217 terms

Latin Phrases

Important Latin phrases from the blog The Art of Manliness
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a posteriori
from the latter -- knowledge or justification is dependent on experience or empirical evidence
a priori
from what comes before -- knowledge or justification is independent of experience
faber est suae quisque fortunae
every man is the artisan of his own fortune -- quote by Appius Claudius Caecus
acta non verba
deeds, not words
ad hoc
to this -- improvised or made up
ad hominem
to the man -- below-the-belt personal attack rather than a reasoned argument
ad honorem
for honor
ad infinitum
to infinity
ad nauseam
used to describe an argument that has been taking place to the point of nausea
ad victoriam
to victory -- more commonly translated into for victory, this was a battle cry of the Romans
alea iacta est
the die has been cast
alias
at another time -- an assumed name or pseudonym
alibi
elsewhere
alma mater
nourishing mother -- used to denote one's college/university
amor patriae
love of one's country
amor vincit omnia
love conquers all
annuit cœptis
He (God) nods at things being begun -- or he approves our undertakings, motto on the reverse of the Great Seal of the United States and on the back of the United States one-dollar bill
ante bellum
before the war -- commonly used in the Southern United States as antebellum to refer to the period preceding the American Civil War
ante meridiem
before noon -- A.M., used in timekeeping
aqua vitae
water of life -- used to refer to various native distilled beverages, such as whisky (uisge beatha) in Scotland and Ireland, gin in Holland, and brandy (eau de vie) in France
arte et marte
by skill and valour
astra inclinant, sed non obligant
the stars incline us, they do not bind us -- refers to the strength of free will over astrological determinism
audemus jura nostra defendere
we dare to defend our rights -- state motto of Alabama
audere est facere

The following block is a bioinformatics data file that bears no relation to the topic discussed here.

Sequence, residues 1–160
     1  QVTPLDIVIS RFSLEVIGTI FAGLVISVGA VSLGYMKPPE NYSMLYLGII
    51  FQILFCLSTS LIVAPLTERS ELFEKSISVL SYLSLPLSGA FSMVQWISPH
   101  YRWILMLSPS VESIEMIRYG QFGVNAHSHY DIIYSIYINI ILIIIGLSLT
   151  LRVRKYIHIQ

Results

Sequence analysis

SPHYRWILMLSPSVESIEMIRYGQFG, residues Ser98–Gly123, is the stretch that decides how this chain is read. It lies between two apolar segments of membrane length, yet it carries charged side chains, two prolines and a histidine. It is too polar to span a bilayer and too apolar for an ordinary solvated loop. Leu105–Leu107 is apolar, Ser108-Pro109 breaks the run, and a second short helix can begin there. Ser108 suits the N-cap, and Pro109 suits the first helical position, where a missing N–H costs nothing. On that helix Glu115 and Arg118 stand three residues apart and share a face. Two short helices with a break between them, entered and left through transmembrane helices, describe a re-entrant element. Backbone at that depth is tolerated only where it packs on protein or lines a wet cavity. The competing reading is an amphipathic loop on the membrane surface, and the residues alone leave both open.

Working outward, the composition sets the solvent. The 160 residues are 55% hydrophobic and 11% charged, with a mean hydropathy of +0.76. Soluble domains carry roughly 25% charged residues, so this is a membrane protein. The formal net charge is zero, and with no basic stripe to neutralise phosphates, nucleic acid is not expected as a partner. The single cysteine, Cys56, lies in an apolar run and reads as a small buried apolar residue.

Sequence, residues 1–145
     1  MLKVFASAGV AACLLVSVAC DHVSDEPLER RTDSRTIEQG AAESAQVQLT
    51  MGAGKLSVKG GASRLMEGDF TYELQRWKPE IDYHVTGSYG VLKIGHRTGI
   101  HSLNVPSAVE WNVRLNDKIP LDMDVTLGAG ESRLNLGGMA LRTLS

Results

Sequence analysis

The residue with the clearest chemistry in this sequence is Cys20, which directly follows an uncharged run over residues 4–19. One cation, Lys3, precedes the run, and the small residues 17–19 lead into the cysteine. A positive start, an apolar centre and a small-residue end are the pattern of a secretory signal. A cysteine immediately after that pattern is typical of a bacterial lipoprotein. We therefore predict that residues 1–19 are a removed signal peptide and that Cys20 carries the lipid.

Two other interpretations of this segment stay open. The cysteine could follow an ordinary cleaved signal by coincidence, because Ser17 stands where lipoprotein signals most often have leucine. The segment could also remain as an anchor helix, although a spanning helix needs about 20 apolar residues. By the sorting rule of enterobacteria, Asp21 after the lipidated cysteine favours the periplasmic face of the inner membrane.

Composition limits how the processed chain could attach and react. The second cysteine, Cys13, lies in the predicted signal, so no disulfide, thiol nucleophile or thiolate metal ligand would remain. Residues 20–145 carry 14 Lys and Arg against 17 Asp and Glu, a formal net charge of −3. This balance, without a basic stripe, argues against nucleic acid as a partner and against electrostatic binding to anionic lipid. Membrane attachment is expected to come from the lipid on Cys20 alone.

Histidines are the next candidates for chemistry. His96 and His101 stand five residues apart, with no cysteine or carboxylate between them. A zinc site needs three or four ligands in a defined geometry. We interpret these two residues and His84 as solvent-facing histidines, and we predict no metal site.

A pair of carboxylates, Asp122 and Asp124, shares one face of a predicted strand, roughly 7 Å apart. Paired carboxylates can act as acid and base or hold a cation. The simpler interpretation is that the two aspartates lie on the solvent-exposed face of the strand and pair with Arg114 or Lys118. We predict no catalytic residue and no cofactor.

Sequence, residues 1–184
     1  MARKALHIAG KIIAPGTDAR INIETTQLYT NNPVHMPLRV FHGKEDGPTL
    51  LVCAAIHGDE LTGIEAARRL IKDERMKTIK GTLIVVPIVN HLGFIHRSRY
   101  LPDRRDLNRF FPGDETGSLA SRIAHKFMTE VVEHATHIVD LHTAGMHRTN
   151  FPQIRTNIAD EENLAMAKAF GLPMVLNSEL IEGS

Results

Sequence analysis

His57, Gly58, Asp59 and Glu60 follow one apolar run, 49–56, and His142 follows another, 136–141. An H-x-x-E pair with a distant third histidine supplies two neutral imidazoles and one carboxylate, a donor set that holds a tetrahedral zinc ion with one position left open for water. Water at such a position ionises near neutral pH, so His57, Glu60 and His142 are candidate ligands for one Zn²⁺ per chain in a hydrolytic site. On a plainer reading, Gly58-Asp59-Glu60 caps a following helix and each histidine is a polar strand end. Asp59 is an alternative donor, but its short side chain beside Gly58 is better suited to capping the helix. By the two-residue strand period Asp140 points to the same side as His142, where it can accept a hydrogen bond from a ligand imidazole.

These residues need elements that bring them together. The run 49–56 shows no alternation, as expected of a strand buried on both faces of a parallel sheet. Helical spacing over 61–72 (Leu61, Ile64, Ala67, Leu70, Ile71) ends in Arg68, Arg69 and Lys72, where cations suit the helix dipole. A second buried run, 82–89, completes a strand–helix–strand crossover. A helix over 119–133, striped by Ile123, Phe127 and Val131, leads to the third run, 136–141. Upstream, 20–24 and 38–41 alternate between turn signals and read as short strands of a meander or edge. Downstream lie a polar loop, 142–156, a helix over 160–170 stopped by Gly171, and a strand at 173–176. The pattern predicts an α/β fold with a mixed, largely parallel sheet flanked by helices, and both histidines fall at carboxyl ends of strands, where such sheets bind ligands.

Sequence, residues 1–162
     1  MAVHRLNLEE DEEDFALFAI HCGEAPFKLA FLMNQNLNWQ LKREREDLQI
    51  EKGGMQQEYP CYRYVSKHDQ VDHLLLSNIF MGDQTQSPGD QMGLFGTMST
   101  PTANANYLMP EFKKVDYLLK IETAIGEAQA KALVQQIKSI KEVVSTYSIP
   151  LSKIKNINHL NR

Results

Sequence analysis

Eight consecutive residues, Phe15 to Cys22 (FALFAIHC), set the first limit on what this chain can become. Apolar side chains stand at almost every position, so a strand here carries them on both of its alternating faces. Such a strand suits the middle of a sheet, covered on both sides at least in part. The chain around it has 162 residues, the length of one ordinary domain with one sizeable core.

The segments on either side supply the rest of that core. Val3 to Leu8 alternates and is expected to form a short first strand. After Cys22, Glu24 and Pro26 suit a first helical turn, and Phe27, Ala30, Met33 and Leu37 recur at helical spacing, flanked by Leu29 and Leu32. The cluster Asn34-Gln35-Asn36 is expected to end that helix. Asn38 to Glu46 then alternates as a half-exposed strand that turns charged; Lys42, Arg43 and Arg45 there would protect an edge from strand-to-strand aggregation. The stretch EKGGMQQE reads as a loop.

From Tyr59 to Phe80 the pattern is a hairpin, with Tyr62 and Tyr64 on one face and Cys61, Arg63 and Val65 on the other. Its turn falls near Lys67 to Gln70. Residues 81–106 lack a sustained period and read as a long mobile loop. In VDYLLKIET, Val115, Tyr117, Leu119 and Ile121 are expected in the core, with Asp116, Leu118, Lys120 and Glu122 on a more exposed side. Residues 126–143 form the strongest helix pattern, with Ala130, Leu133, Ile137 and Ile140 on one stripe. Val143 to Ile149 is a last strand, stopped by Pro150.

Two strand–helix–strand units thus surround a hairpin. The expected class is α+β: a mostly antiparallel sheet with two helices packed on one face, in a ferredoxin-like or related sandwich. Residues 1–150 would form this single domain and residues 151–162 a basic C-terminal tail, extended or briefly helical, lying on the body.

to dare is to do
audio
I hear
aurea mediocritas
golden mean -- refers to the ethical goal of reaching a virtuous middle ground between two sinful extremes
auribus teneo lupum
I hold a wolf by the ears -- a common ancient proverb; indicates that one is in a dangerous situation where both holding on and letting go could be deadly; a modern version is, to have a tiger by the tail
aut cum scuto aut in scuto
either with shield or on shield -- do or die, no retreat; said by Spartan mothers to their sons as they departed for battle
aut neca aut necare
either kill or be killed
aut viam inveniam aut faciam
I will either find a way or make one -- said by Hannibal, the great ancient military commander
barba non facit philosophum
a beard doesn't make one a philosopher
bellum omnium contra omnes
war of all against all
bis dat qui cito dat
he gives twice, who gives promptly -- a gift given without hesitation is as good as two gifts
bona fide
good faith
bono malum superate
overcome evil with good
carpe diem
seize the day
caveat emptor
let the buyer beware -- the purchaser is responsible for checking whether the goods suit his need
circa
around, or approximately
citius altius fortius
faster, higher, stronger -- modern Olympics motto
cogito ergo sum
I think therefore I am -- famous quote by Rene Descartes
contemptus mundi/saeculi
scorn for the world/times -- despising the secular world, the monk or philosopher's rejection of a mundane life and worldly values
corpus christi
body of Christ
corruptissima re publica plurimae leges
when the republic is at its most corrupt the laws are most numerous -- said by Tacitus
creatio ex nihilo
creation out of nothing -- a concept about creation, often used in a theological or philosophical context
cura te ipsum
take care of your own self -- an exhortation to physicians, or experts in general, to deal with their own problems before addressing those of others
curriculum vitae
the course of one's life -- in business, a lengthened resume
de facto
from the fact -- distinguishing what's supposed to be from what is reality
deo volente
God willing
deus ex machina
God out of a machine -- a term meaning a conflict is resolved in improbable or implausible ways
dictum factum
what is said is done
disce quasi semper victurus vive quasi cras moriturus
learn as if you're always going to live live as if tomorrow you're going to die
discendo discimus
while teaching we learn
docendo disco, scribendo cogito
I learn by teaching, think by writing
ductus exemplo
leadership by example
ducunt volentem fata, nolentem trahunt
the fates lead the willing and drag the unwilling -- attributed to Lucius Annaeus Seneca
dulce bellum inexpertis
war is sweet to the inexperienced
dulce et decorum est pro patria mori
it is sweet and fitting to die for your country
dulcius ex asperis
sweeter after difficulties
e pluribus unum
out of many, one -- on the U.S. seal, and was once the country's de facto motto
emeritus
veteran -- retired from office
ergo
therefore
et alii
and others -- abbreviated et al.
et cetera
and the others
et tu, Brute?
last words of Caesar after being murdered by friend Brutus in Shakespeare's Julius Caesar, used today to convey utter betrayal
ex animo
from the heart -- thus, sincerely
ex libris
from the library of -- to mark books from a library
ex nihilo
out of nothing
ex post facto
from a thing done afterward -- said of a law with retroactive effect